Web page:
Jewish Democratic activist resigns from Maryland golf club over Obama membership debate
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Jewish Democratic activist resigns from Maryland golf club over Obama membership debate

President Barack Obama golfing at Oak Bluffs, Mass., Aug. 9, 2014. (Matthew Healey/Bloomberg/Getty Images)
President Barack Obama golfing at Oak Bluffs, Mass., Aug. 9, 2014. (Matthew Healey/Bloomberg/Getty Images)

A Democratic activist has resigned his membership from an exclusive, mostly Jewish golf club in Maryland following a contentious debate over whether to admit President Barack Obama for membership because of the U.S. decision to abstain from a U.N. vote against Israeli settlements.

Jeffrey Slavin resigned from the Woodmont Country Club in Rockville in an email to the club’s general manager, the Washington Post reported Monday. Slavin also is the mayor of the Montgomery County town of Somerset.

He wrote in his email, sent Monday, which was Martin Luther King Jr. Day:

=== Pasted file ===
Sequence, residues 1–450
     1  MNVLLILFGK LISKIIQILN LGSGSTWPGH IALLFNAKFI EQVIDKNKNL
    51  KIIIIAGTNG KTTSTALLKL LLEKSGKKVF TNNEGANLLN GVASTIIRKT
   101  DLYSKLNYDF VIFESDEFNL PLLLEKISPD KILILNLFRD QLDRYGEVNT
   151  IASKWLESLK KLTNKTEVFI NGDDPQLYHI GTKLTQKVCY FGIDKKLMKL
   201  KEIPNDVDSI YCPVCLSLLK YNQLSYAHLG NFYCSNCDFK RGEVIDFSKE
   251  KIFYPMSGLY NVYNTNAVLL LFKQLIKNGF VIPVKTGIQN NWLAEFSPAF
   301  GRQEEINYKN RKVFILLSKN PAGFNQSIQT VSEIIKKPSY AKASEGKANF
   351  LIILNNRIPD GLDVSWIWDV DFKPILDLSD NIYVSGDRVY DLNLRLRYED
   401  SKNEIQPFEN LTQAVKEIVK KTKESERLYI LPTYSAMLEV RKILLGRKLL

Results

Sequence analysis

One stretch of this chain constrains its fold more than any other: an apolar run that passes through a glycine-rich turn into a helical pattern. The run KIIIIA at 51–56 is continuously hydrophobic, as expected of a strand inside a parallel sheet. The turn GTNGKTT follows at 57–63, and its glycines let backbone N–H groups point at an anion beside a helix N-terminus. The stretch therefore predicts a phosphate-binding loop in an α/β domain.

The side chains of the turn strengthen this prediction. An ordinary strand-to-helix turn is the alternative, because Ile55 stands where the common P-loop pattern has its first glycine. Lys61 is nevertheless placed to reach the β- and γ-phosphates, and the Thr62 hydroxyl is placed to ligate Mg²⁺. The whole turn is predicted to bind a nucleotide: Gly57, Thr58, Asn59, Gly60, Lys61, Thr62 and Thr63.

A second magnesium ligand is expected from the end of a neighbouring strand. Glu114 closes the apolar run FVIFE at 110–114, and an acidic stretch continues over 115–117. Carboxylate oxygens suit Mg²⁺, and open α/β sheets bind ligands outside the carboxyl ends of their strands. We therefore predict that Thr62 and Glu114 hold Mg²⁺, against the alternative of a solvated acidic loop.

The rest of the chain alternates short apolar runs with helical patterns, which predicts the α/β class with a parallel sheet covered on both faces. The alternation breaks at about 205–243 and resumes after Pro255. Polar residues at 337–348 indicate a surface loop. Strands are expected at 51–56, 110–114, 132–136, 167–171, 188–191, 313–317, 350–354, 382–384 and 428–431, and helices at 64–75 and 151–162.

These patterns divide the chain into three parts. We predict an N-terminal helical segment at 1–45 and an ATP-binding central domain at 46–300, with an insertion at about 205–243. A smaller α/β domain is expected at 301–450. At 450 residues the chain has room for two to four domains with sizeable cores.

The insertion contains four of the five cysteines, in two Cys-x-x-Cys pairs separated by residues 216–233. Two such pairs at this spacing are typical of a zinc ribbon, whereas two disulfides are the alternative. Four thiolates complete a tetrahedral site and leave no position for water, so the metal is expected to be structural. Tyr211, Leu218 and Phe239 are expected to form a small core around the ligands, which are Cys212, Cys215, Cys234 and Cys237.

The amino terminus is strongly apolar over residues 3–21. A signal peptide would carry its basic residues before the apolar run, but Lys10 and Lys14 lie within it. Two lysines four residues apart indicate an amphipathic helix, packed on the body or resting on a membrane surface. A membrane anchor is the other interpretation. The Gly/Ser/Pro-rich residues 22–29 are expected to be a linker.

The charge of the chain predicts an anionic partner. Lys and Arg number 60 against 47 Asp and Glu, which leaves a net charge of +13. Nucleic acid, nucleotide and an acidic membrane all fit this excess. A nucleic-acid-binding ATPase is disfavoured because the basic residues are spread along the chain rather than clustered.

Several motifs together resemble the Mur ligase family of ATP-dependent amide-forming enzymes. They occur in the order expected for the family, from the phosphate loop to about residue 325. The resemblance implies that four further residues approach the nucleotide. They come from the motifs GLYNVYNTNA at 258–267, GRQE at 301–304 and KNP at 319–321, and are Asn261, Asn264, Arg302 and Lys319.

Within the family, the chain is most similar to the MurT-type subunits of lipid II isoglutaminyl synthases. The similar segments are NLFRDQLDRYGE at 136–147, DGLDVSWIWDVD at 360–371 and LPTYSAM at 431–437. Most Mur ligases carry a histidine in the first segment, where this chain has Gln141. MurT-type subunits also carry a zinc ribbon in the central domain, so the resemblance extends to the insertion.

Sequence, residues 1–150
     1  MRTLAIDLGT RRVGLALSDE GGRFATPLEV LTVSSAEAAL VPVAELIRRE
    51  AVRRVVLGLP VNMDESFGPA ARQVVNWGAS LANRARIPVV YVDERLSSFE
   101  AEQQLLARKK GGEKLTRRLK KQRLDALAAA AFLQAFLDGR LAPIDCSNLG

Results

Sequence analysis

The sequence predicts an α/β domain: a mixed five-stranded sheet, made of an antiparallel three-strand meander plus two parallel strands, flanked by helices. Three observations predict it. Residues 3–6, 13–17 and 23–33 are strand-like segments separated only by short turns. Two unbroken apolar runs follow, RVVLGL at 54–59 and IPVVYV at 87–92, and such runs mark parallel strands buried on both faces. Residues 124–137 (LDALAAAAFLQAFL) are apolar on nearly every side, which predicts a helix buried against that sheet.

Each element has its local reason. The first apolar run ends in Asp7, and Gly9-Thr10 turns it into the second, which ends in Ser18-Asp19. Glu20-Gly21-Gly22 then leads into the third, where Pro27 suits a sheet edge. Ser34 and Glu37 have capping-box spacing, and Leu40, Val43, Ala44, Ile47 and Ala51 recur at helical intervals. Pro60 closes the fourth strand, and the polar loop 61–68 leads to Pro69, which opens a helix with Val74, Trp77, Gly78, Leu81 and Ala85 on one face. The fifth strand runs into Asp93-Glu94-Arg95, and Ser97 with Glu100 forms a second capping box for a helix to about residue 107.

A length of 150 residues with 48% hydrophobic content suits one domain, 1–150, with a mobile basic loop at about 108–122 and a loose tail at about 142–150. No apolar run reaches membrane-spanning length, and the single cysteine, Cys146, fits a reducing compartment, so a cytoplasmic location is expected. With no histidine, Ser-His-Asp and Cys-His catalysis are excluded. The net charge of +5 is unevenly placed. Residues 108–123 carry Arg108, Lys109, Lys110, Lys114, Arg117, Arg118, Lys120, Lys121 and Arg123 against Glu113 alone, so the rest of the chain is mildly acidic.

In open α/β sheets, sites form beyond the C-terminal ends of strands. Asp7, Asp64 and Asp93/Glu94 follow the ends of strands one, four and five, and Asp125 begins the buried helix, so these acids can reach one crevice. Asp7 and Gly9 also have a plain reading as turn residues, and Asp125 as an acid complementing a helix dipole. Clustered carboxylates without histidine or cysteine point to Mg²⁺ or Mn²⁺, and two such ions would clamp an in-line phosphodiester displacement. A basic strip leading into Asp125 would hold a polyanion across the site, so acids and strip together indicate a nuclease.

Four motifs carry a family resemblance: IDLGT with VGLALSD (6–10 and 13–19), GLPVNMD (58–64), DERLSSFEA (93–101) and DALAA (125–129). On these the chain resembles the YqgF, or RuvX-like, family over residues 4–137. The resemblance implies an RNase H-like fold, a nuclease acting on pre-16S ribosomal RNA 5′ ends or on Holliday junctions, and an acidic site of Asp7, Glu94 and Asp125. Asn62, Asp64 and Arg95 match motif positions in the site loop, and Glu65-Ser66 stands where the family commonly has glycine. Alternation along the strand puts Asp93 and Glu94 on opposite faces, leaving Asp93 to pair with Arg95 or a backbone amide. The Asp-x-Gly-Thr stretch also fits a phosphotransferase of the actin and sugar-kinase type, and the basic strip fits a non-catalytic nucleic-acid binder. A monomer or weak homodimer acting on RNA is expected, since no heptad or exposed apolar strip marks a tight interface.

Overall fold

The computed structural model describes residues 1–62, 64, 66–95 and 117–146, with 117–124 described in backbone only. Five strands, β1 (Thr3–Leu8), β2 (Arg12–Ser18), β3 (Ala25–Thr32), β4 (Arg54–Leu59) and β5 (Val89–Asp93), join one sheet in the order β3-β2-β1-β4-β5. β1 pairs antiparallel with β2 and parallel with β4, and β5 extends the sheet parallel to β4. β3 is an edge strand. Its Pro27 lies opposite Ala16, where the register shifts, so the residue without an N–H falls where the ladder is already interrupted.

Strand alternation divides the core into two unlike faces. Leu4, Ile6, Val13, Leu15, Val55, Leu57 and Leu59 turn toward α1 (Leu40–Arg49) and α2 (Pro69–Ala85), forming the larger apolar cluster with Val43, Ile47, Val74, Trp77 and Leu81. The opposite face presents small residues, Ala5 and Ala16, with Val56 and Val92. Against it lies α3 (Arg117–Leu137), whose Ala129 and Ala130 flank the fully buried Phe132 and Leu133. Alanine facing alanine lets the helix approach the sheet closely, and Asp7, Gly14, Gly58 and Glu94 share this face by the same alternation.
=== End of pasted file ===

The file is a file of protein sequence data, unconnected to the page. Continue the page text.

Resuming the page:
“I can no longer belong to a community:
Where Intolerance is accepted,
Where History is forgotten,
Where Freedom of Speech is denied,
And where the nation’s first black president is disrespected.”

Some members of the club have said they would not welcome Obama for membership, citing his decision not to veto the anti-settlements resolution at the United Nations Security Council.

Slavin told the Post that he has spoken to many other country club members who say that Obama should be welcome, but that they would rather stay in the club to make that happen rather than resign.

Obama has played at the club four times during his presidency. He has not indicated whether he will seek a membership at the club.

Slavin said he wants the club to state publicly that Obama is welcome as a member even before he decides to ask for membership.

“I decided that unless someone did something bold, the club would do nothing,” he told the Post. “I felt I couldn’t let this go on any longer.”

The exclusive club charges members an $80,000 initiation fee and $9,673 in annual dues.

The Obamas are planning to remain in Washington, D.C. after Donald Trump is inaugurated for presidnet on Jan. 21.

Woodmont was founded by D.C.-area Jews in 1913 because Jews were banned from joining other clubs.

The New York Post was the first to report the dispute.

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